NAICU Washington Update

NAICU Joins Higher Ed Community in Submitting Comments on Proposed Overtime Rule

May 28, 2019

NAICU and 16 other higher education associations submitted comments to the U.S. Department of Labor (DOL) seeking changes to the proposed overtime rule that would help colleges and universities more easily implement any future adjustments.  The comments, drafted by the College and University Professional Association for Human Resources (CUPA-HR), are in response to the Notice of Proposed Rulemaking (NPRM) on the overtime salary threshold announced in March.

While the comments generally support the salary adjustment from the current level of $23,660 to $35,308, changes that the higher education groups would like to see the Labor Department consider include:
  • Allowing employers to prorate the salary threshold for part-time employees.
  • Counting the cost of employer-provided room and board toward the salary threshold.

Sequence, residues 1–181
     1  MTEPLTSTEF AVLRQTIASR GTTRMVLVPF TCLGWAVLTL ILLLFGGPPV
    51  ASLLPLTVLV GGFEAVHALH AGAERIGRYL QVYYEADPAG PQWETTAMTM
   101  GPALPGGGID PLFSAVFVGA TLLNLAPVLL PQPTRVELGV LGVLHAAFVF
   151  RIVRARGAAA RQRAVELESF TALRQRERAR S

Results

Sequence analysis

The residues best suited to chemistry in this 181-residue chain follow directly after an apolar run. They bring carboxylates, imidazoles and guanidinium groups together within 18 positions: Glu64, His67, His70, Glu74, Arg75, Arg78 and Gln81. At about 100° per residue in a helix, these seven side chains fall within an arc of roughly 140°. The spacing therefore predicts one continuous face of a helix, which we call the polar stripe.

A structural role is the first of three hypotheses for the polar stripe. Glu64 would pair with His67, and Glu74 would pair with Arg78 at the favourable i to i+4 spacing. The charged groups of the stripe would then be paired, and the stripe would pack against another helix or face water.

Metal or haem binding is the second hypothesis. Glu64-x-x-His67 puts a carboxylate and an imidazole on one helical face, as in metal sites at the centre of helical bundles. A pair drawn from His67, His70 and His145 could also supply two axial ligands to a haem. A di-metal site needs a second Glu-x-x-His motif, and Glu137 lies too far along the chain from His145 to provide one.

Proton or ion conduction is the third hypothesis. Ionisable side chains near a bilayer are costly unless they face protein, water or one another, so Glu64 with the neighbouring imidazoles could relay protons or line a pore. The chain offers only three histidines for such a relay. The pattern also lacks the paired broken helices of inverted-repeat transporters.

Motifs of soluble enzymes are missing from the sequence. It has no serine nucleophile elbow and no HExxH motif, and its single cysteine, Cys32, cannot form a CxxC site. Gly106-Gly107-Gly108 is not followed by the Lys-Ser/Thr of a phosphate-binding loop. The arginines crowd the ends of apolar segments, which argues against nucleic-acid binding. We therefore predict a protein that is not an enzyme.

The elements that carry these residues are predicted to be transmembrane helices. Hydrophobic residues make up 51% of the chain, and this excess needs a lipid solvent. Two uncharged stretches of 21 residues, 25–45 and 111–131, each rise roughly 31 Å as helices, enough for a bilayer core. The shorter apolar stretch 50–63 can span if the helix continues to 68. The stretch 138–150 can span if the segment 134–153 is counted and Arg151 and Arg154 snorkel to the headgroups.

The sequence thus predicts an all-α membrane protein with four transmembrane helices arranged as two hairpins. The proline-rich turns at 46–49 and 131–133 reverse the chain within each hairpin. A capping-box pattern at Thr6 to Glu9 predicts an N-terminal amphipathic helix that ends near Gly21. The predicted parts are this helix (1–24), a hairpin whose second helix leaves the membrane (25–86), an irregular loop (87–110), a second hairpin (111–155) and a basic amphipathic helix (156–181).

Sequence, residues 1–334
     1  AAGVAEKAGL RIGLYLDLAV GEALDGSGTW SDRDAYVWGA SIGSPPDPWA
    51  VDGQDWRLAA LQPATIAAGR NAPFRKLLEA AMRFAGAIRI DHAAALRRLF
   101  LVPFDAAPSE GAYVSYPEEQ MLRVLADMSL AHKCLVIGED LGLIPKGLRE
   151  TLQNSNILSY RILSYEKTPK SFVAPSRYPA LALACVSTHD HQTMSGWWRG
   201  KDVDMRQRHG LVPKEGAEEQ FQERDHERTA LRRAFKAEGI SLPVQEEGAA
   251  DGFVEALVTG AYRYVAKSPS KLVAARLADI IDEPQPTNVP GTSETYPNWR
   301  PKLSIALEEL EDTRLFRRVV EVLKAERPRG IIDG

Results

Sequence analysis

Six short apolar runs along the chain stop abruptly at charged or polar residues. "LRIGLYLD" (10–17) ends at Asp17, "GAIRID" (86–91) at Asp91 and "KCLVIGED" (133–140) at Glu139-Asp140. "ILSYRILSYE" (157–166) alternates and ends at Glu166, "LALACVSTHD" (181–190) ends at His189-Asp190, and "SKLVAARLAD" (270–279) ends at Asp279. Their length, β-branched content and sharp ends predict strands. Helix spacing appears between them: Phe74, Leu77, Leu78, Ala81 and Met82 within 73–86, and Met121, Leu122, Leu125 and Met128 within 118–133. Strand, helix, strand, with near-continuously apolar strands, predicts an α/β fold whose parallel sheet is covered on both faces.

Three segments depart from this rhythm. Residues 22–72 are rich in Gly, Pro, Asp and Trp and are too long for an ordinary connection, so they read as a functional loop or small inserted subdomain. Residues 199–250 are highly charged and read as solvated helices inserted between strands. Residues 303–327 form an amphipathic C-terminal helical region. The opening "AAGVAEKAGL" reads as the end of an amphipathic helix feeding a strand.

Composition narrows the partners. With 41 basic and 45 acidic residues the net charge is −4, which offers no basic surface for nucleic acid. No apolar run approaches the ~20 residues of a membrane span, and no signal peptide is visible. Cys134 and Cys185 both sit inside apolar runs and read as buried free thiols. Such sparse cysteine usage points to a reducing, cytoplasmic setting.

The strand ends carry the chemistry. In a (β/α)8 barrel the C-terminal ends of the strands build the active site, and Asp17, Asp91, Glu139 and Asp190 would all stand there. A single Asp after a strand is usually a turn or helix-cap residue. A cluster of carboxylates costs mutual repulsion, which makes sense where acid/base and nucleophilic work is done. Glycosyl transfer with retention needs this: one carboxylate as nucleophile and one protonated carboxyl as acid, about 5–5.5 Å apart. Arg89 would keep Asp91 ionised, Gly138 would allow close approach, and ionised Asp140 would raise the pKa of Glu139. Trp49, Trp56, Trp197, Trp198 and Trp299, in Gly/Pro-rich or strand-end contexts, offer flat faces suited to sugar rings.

• Updating the regulations every five to seven years based on circumstance, as it did prior to the 1970s, not through a regularly scheduled update. DOL should act based on circumstance, not on a rigid schedule. An automatic update—even one that involves notice and comment—may exceed DOL’s authority under the Fair Labor Standards Act and, therefore, will be susceptible to legal challenge.
  • Making clear that if the DOL decides to proceed with an automatic update, any change to the methodology used to determine the standard salary level as part of future updates would require multiple proposed rulemakings.
This NPRM comes after an extensive period of public comment for suggested adjustments to the current rule, including written comments and public hearings.  This is the first proposed adjustment to the overtime rule since the Obama Administration almost finalized a rule that would have more than doubled the current level, causing great concern throughout the small business, nonprofit, and higher education communities.
DOL will now review the many comments it received before releasing a final rule.  This process typically takes about three months, but could be shorter or longer based on the amount of comments submitted and amount of changes the Administration is willing to make to the proposed rule.  After the final rule is announced, there will be an additional period of time prior to implementation.